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The Inaugural Ceremony of the Ladakh Buddhist Vihara in Bodhgaya.

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January 26, 2015
The road into the Vihar has been lined in soft orange and cream satins embellished with gold sequins, and just after the gate into the Vihar, a large Dharma wheel has been chalked on the red carpeting. Nearby are a group of five male dancers with tall brocade hats and their maroon and white striped stoles. Just behind them wait five Ladakhi ladies, wearing their distinctive clothing and headdress—a wide turquoise studded wave that dips down over their forehead to end in a single beautiful stone. They carry long-spouted brass pitchers of liquor, the traditional offering of welcome in the Himalayan region. In the courtyard, about four hundred ordained and lay people wait before an open area reserved for the dance performances. Just beyond it, an elevated pavilion has been set up with a throne for the Gyalwang Karmapa, net to which is a shrine with an impressive three-foot Buddha statue lined below with the traditional seven offering bowls and a butter lamp.

Minutes before two o’clock, the distant sound of a Read the rest of this article

The Gyalwang Karmapa Consecrates Land for a New Kitchen

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January 26, 2015
Inside the now empty and rambling frame of the Monlam kitchen with the bound lengths of bamboo still supporting deep blue tarpaulins, a small shrine has been set up. On the brocade covered table are two rows of the traditional offering bowls, and in front, a large offering cup on its stand sits next to a plate with a white torma. Not far away, a small rectangular area of earth has been opened in the brick floor.

Around eleven in the morning, the Gyalwang Karmapa comes walking through the nearby field with the young Druppön Dechen at his side and accompanied by a small group of monks. He will perform a special ceremony (sometimes called taming the earth) to request the land and gratify the local spirits. The offerings are divided into three main phases. First, the white torma and a golden libation (gser skyems) are offered to the earth goddess to solicit the land from her. The Karmapa kneels in front of his chair with Druppön Dechen to make prayers. A stick of incense is Read the rest of this article

Gyalwang Karmapa Commemorates Republic Day

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26 January, 2015 – Tergar Monastery, Bodhgaya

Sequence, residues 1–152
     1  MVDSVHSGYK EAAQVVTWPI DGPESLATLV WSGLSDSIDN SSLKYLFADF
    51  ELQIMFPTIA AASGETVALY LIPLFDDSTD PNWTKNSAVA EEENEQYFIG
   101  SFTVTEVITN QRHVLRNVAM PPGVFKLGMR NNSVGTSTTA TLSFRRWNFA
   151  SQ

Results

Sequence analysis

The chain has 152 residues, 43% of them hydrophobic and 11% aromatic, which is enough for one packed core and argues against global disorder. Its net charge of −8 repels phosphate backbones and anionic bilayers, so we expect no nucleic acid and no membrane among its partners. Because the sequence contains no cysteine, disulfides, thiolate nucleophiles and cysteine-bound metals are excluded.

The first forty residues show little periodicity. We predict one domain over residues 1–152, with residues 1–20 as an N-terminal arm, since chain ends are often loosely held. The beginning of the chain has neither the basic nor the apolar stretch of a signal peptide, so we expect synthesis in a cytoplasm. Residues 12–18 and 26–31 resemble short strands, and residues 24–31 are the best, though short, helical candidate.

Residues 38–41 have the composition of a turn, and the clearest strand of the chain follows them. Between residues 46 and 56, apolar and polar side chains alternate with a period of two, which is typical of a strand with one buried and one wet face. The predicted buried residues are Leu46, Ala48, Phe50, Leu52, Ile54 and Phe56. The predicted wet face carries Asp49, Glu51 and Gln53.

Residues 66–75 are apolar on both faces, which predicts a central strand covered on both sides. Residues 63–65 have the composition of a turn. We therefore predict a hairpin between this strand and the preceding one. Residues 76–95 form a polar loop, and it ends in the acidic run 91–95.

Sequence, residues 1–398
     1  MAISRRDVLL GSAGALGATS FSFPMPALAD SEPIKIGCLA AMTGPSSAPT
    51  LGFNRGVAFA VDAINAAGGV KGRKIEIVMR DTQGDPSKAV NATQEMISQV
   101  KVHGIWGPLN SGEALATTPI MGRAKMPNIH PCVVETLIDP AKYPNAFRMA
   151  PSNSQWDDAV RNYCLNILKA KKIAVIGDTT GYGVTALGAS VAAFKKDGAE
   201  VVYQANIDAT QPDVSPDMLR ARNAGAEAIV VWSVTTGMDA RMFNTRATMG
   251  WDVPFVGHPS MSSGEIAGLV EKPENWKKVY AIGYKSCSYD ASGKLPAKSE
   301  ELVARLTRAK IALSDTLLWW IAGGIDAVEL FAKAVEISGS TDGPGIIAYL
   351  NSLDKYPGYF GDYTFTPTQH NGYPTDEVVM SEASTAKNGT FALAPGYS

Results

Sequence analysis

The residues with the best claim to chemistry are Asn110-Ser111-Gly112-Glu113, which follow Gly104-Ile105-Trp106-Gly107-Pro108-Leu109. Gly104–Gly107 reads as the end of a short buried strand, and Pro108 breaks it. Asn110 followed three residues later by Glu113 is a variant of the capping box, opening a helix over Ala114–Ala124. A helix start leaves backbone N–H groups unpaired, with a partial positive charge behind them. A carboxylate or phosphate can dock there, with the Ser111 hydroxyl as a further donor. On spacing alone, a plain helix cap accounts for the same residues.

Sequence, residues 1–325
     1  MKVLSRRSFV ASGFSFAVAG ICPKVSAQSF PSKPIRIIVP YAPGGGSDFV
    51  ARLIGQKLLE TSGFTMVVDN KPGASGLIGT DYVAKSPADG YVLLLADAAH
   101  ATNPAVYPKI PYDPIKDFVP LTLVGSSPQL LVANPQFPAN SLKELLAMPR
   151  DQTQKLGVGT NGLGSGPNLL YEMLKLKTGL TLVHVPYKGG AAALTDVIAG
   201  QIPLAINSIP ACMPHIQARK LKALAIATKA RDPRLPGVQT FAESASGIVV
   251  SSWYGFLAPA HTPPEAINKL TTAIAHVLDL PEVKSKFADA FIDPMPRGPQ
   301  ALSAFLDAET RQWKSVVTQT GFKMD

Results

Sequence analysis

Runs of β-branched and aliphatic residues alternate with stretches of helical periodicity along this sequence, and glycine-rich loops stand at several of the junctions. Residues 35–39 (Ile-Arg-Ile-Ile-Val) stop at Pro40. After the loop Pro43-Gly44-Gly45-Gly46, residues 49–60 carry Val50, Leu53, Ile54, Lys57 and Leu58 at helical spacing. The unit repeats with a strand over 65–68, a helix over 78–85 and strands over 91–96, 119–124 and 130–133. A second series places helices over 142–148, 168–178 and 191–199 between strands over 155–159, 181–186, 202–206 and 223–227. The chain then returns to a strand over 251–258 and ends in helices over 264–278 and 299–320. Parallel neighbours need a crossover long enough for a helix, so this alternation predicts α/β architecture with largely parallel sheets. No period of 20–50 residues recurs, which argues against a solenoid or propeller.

In what has become an annual event during his winter programme, the Gyalwang Karmapa joined in the flag-raising ceremony to celebrate Indian Republic Day.

More than a hundred young monks with their teachers lined up in straight lines on the patio outside the Tergar Monastery shrine hall, and stood smartly to attention, below the flagstaff. Members of the regular police force in their knife-crease, pressed khaki uniforms and the paramilitary protection squad in blue-and-grey camouflage stood to attention beside them. As one, they presented arms with their automatic rifles or saluted, while the Indian national flag was raised. Emblazoned with the Buddhist Emperor Ashoka’s 24-spoke chakra wheel in navy blue, the tricoloured flag —with saffron, green and white panels— has become the symbol of modern, democratic India.

Also present at the ceremony were members of His Holiness’ Tsurphu Labrang staff and Tibetan security personnel, most of whom are either serving soldiers on Read the rest of this article

Successful Conclusion of the Second Arya Kshema Winter Dharma Gathering

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24 January 2014 Tergar Monastery

After two-and-a-half weeks of daily teachings from the Gyalwang Karmapa, intensive debate training for the participating nuns, and a variety of other dharma activities, the Second Arya Kshema Winter Dharma Gathering successfully concluded.

“We’ve had a long string of dharma activities here in Bodhgaya,” the Gyalwang Karmapa said during the closing ceremony, “starting with the Kagyu monks’ Guncho, the Kagyu Monlam, and now the nuns’ Winter Dharma Gathering. They have all gone very well, and this is because everyone here worked together as one. We can all take joy in this.”

Beginning in the morning, on the final day the Gyalwang Karmapa first led a Tara puja which then continued on through the afternoon. Tara is renowned as having taken a vow to become fully enlightened in a female form. She is particularly supplicated for protection and removal of obstacles, thus making the Tara puja especially appropriate for concluding the nuns’ Winter Dharma Gathering.

The evening’s Read the rest of this article

The Nuns Prove Themselves in Debate

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January 24, 2015
 Tergar Monastery
For the final event of the Second Arya Kshema Winter Dharma Gathering, the Tergar shrine hall has been set up with tables for the defenders, set across the center aisle in front of the Karmapa’s throne, and with a microphone for the challengers who will stand two thirds of the way back towards the shrine door. This is to keep the challengers, who can get quite enthusiastic as a group, at a certain distance from the defenders.

The young Druppön Dechen Rinpoche sits at the head of the first row of teachers and khenpos. In a previous lifetime, when he was the guide for the Karmapa’s seat at Tsurphu in Tibet, Druppön Dechen Rinpoche was very kind to a group of nuns who had no home. He generously gave them teachings and also a place to stay at Tsurphu; several of them came to live in the famous caves of the previous Karmapas, located on the middle circumambulation path. His tulku seems to be continuing his support of nuns in this next life, too.

This evening is the culmination of the Read the rest of this article